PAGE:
In our study, we selected patients with an average daily urine protein level ≥ 6 g, and these patients had at least a moderate or high risk of progressive disease. In addition, CR can lead to a good long-term prognosis, and PR can independently reduce the risk of renal failure (Troyanov et al., 2004). Therefore, early therapeutic intervention may be a more effective approach for treating IMN patients with severe proteinuria. For newly diagnosed patients, on the basis of adjuvant therapies such as antihypertensive, lipid-lowering and anticoagulative treatments, we preferred hormone therapy with CTX or a semiquantitative hormone plus tacrolimus (FK506) and CSA. Herein, the remission rate of the negative group was significantly higher than that of the positive group, especially the CR rate. To the best of our knowledge, this study is the first to report that patients in the negative group had a better clinical remission rate than those in the positive group. Furthermore, in the positive group, patients with a low titer had low 24-hour proteinuria levels, high albumin levels, mild pathological damage, and higher remission rates than those with a high antibody titer, thus suggesting that the patients with low antibody titers were more likely to achieve clinical remission. Rodas et al. (2019) found that spontaneous CR did not occur in patients with PLA2R levels >40 IU/mL and was less frequently observed in patients with a proteinuria level >8 g/day. Furthermore, patients with high antibody levels had a higher risk of developing ESRD. The authors also found that patients with low anti-PLA2R antibody titers (especially antibody titers <40 UI/mL) and proteinuria levels <4 g/day had high spontaneous remission rates. These studies are consistent with our findings, indicating that the anti-PLA2R antibodies titer is strongly correlated with the disease activity of IMN.

Survival analysis in this study showed that the survival rate of the PLA2R− group was higher than that of the PLA2R+ group, but this difference was not statistically significant. Risk factor analysis results showed that BMG, 24-hour urine protein, acute and chronic tubular disease were risk factors, but only 24-hour urine protein was an independent risk factor for renal death. In a predictive model of IMN progression risk, Cattran et al. (1997) and Pei, Cattran & Greenwood (1992) proposed that patients with abnormal or worsening serum creatinine or proteinuria, especially those with a duration exceeding 6 months, had a 72% chance of developing end-stage renal failure. Ponticelli et al. (1989) and Shiiki et al. (2004) also showed that high serum creatinine concentrations, severe proteinuria, and chronic tubulointerstitial lesions were important predictors of the risk of IMN progressing to ESRD. Various clinical indicators, such as severe proteinuria, decreased renal function at diagnosis, and development of renal tubular interstitial lesions, can be considered risk factors for the progression of IMN to renal failure.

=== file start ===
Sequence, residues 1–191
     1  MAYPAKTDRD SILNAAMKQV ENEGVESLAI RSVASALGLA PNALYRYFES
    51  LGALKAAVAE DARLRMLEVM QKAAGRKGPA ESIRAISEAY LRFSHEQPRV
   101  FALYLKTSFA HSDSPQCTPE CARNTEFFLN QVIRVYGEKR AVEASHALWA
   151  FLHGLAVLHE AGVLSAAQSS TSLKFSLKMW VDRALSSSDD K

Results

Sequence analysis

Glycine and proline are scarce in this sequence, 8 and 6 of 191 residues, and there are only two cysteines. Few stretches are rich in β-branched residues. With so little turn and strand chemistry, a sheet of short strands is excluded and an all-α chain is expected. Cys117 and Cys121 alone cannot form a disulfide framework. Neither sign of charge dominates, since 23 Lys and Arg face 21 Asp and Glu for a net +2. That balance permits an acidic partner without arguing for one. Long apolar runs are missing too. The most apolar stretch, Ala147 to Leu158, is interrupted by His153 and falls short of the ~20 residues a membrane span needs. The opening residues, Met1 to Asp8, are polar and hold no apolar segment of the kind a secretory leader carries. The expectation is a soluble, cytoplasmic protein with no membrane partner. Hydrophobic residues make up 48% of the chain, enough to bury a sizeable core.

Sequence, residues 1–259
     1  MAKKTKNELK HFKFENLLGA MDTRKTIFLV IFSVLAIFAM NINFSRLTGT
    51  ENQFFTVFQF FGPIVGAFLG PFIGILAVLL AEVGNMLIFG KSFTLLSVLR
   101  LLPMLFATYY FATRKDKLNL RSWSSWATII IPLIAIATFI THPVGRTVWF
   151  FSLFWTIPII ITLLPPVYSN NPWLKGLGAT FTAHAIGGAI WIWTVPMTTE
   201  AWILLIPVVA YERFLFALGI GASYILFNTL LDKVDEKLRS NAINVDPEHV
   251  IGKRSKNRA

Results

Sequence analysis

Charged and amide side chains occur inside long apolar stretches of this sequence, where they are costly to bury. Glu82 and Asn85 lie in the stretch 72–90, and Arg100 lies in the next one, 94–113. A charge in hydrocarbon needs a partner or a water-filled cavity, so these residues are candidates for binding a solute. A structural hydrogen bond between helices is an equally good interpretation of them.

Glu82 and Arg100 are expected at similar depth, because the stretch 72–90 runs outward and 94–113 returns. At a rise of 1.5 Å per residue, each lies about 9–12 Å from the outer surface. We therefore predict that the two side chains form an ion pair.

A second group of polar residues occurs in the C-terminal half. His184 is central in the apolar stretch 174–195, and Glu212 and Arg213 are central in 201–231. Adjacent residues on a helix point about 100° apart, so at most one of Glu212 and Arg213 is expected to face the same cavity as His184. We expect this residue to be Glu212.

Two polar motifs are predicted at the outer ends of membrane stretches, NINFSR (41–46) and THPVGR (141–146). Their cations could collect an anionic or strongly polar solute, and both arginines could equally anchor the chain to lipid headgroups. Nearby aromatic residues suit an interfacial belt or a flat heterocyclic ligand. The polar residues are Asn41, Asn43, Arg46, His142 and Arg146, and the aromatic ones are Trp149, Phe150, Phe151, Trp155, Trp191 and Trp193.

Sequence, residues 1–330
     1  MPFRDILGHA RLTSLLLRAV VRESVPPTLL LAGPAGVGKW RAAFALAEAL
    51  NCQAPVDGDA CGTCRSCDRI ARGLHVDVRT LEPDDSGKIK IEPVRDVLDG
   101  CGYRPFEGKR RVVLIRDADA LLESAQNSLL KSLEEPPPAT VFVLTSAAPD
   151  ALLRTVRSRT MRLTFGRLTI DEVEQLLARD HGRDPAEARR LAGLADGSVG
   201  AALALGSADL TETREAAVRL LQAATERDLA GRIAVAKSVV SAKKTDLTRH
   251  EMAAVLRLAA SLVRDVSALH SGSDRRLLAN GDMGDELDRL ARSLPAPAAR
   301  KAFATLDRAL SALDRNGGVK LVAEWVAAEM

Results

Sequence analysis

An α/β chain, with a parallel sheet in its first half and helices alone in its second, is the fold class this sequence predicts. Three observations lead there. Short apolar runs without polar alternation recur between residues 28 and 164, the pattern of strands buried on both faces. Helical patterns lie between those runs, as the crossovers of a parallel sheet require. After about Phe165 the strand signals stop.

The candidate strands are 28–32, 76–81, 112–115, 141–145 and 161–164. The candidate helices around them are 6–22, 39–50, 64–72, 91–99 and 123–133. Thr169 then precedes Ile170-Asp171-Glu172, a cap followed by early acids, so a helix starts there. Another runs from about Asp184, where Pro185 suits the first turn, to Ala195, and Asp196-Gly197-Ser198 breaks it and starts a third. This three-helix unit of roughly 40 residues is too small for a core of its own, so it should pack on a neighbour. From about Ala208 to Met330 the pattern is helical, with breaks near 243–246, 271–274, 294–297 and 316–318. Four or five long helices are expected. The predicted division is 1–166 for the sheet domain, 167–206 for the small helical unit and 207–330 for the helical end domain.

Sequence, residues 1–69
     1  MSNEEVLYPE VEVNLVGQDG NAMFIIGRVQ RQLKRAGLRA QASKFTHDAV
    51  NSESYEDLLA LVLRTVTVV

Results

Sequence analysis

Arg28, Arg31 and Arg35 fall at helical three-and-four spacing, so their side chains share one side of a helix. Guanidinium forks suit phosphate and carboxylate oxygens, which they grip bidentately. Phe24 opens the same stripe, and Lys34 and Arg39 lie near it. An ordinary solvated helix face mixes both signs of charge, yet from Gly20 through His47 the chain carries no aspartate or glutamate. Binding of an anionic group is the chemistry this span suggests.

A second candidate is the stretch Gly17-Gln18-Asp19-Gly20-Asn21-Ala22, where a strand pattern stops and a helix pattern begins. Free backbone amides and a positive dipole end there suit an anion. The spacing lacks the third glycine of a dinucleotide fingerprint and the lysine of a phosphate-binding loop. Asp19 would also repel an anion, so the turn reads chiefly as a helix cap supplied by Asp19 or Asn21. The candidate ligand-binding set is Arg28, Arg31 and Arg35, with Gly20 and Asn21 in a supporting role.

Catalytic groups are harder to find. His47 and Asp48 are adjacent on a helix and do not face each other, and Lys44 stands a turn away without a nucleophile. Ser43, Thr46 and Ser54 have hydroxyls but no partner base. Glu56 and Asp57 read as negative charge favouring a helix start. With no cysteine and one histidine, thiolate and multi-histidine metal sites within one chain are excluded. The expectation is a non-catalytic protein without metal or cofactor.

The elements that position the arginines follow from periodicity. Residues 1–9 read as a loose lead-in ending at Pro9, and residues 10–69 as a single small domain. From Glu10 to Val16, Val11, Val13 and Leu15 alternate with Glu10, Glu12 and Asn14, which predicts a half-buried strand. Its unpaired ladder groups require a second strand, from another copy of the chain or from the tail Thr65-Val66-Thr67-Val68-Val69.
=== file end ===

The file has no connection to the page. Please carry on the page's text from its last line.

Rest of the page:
Herein, 43 of 162 IMN patients were negative for the serum anti-PLA2R antibody, potentially due to the following reasons: 1. The serum anti-PLA2R antibody was negative, but the PLA2R antigen in kidney tissue was positive; 2. other pathogenic antigens and specific autoantibodies may have existed in the patients with IMN; 3. other secondary factors that have not yet been discovered played roles; 4. the anti-PLA2R antibody in the sera of patients with IMN was indeed negative; 5. the patients’ conditions were in a stable state, and there was no immune activity in the body; and 6. the limitations of the detection technology itself. Therefore, we stained for the PLA2R antigen in the kidney tissues of 43 patients who were negative for the serum anti-PLA2R antibody, and the granular staining rate for the PLA2R antigen in kidney tissue was 62.79%. Consequently, for patients with IMN who were negative for serum anti-PLA2R antibodies, we could routinely perform renal tissue PLA2R antigen staining. This result is also consistent with the findings of Hill, McRae & Dwyer (2016), who found that the PLA2R antigen was potentially positive in renal tissue when serum antibodies were absent in IMN patients, and when the serum anti-PLA2R antibody was detected in combination with the PLA2R antigen in renal tissue, the sensitivity of disease diagnosis could be increased to 95.2%. Detection of the PLA2R antigen in renal tissue is more sensitive and specific for the diagnosis of IMN and can be used as a supplementary detection method for patients who have undergone renal biopsy and are negative for the serum anti-PLA2R antibody (Hofstra & Wetzels, 2014; Svobodova et al., 2013).